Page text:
Learn more about insulin and how to manage this new part of your life with diabetes.
Being told you will need to give yourself an insulin injection can be a scary thing at first. But once you learn how to give your nearly pain free injections the process becomes much easier. This presentation will show you ways to not only reduce the pain and fear or your insulin shot but will also teach you how to store it as well as details on shelf life and much more.
Managing your glucose is critical to feeling healthier not to mention avoiding repeated health issues of diabetes. Some individuals are able to manage their blood sugar with exercising and calorie restriction by itself. Others will need to use insulin or even any number of medical treatments coupled with lifestyle changes. In any event, monitoring your blood glucose levels is a fundamental part of your treatment program.
In the event you’ve just received a medical diagnosis of high blood pressure, supervising your own glucose levels could seem like an overwhelming undertaking, nonetheless as soon as you learn to check your own blood sugar level and know how fundamental it is, you’ll feel at ease with the practice and more on top of your own disease. Testing is extremely important because it lets you know whether or not you’re continuing to keep your glucose levels in the range you along with your medical professional have agreed on.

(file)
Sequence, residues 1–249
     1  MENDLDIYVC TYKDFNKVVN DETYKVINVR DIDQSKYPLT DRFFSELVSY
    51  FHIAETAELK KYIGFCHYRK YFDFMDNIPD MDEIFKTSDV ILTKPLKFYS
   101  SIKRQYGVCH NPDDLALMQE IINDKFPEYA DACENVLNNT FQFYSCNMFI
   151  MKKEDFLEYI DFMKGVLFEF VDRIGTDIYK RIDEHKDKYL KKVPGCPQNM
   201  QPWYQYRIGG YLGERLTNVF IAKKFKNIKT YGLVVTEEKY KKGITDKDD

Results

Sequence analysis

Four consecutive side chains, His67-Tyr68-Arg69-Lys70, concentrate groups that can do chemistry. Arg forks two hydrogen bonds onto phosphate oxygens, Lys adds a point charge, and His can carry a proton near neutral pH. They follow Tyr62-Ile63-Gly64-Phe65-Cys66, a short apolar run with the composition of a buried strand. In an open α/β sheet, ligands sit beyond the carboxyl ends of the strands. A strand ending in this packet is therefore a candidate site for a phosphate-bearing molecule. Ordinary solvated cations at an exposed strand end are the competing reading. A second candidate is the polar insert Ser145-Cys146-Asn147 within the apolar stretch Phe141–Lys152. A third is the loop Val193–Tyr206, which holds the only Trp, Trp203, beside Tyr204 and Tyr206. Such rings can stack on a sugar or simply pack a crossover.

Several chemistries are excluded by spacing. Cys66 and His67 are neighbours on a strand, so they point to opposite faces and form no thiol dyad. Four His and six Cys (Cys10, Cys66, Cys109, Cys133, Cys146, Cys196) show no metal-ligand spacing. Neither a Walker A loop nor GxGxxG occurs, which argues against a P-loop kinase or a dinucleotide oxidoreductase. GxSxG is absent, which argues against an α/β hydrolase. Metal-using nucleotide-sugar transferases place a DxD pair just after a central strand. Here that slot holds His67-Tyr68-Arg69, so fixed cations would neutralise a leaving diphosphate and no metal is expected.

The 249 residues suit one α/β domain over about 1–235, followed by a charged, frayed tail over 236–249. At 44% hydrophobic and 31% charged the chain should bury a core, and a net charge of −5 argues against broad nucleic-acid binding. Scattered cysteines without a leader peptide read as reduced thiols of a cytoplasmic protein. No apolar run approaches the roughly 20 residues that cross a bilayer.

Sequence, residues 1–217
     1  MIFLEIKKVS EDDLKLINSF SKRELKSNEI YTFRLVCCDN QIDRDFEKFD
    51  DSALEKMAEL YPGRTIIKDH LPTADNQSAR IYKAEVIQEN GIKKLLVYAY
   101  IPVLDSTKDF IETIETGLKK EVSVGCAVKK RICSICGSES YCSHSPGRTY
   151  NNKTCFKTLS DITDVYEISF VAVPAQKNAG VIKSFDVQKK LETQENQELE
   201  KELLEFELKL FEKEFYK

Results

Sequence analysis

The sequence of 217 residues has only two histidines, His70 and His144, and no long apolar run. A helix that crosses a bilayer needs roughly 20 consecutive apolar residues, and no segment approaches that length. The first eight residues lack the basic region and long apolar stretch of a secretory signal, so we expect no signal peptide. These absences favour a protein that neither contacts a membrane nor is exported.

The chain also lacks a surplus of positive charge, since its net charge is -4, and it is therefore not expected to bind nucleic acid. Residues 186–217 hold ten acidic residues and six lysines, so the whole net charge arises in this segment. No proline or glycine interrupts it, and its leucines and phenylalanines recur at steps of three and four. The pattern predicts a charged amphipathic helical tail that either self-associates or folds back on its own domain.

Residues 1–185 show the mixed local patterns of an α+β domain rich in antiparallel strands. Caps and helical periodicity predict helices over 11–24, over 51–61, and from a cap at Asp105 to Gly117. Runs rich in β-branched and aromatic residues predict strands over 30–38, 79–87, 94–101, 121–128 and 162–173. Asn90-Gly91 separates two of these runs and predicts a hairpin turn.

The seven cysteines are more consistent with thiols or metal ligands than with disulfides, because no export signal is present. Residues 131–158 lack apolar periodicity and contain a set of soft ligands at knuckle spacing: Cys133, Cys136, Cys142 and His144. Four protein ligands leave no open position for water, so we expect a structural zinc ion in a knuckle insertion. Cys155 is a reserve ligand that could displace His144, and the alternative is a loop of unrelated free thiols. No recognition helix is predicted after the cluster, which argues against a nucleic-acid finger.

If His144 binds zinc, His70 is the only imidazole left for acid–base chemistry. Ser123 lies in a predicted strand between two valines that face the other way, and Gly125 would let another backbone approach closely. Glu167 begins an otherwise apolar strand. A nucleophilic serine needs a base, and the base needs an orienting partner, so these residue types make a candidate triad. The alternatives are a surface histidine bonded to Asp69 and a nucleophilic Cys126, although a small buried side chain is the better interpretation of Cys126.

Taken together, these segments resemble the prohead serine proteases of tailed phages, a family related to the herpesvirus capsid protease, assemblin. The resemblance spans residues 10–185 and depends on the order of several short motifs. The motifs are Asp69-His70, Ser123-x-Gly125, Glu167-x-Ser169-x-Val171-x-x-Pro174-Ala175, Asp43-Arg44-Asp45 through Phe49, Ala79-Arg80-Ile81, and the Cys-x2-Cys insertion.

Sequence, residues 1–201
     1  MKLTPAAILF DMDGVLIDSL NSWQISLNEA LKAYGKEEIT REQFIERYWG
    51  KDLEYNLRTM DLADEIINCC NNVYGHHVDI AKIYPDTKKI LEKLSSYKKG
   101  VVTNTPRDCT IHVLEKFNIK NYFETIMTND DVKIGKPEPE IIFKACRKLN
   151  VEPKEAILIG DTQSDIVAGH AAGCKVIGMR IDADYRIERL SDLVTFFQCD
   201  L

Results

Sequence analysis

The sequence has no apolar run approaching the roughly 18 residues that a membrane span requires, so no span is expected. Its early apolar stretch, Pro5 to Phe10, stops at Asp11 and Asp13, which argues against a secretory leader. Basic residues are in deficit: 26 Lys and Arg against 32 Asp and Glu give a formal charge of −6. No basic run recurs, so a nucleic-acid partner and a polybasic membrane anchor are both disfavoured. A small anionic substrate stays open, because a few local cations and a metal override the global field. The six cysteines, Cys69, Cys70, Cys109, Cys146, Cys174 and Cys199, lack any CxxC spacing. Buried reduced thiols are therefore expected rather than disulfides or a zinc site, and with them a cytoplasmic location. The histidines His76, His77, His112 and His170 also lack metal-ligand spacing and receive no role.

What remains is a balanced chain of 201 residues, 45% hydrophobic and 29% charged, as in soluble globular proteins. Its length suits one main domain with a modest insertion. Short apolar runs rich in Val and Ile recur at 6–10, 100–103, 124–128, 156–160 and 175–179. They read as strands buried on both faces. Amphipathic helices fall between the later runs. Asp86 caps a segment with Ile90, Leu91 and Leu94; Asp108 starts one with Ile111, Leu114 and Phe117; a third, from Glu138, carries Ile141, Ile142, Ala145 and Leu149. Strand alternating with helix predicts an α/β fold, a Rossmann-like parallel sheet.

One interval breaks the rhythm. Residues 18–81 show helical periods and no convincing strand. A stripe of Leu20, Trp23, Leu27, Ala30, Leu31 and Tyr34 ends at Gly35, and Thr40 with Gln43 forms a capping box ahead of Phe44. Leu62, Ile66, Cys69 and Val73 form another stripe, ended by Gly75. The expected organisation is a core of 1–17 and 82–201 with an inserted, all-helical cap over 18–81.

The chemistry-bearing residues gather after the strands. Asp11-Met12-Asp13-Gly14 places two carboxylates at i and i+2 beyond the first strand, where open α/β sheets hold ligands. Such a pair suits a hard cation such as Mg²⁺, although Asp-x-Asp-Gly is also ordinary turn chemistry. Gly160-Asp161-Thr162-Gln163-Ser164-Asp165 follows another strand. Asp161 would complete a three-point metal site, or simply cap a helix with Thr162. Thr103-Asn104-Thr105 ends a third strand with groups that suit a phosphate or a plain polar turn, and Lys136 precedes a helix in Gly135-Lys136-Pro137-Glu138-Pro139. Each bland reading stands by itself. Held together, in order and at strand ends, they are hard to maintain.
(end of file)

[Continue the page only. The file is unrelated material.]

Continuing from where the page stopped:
The most suitable range in your case depends on your age and the type of diabetes you actually have. For younger men and women who don’t have complications of diabetes, an usual target range might be 80 to 120 mg/dL before meals, and below 180 mg/dL after eating. Older adults who have additional complications from their disease could possibly have a fasting target goal of 100 to 140 mg/dL and below 200 mg/dL after meals. That’s because blood sugar levels that falls too low in older adults can be far more hazardous compared to the younger individuals.
A home blood glucose test measures the amount of a type of sugar, called glucose, in your blood at the time of testing. The test can be done at home or anywhere, using a small portable machine called a blood glucose meter.
Home blood sugar testing can be used to monitor your blood sugar levels. Talk with your doctor about how often to check your blood sugar. How often you need to check it depends on your diabetes treatment, how well your diabetes is controlled, and your overall health. People who take insulin to control their diabetes may need to check their blood sugar level several times a day. Testing blood sugar at home is often called home blood sugar monitoring or self-testing.
If you are using an insulin pump or if you use insulin more than once a day, the American Diabetes Association ( ADA ) recommends testing your blood sugar 3 or more times every day. If you use insulin rarely or don’t use it at all, blood sugar testing can be very helpful in learning how your body reacts to foods, illness, stress,exercise, medicines, and other activities. Testing before and after eating can help you adjust what you eat.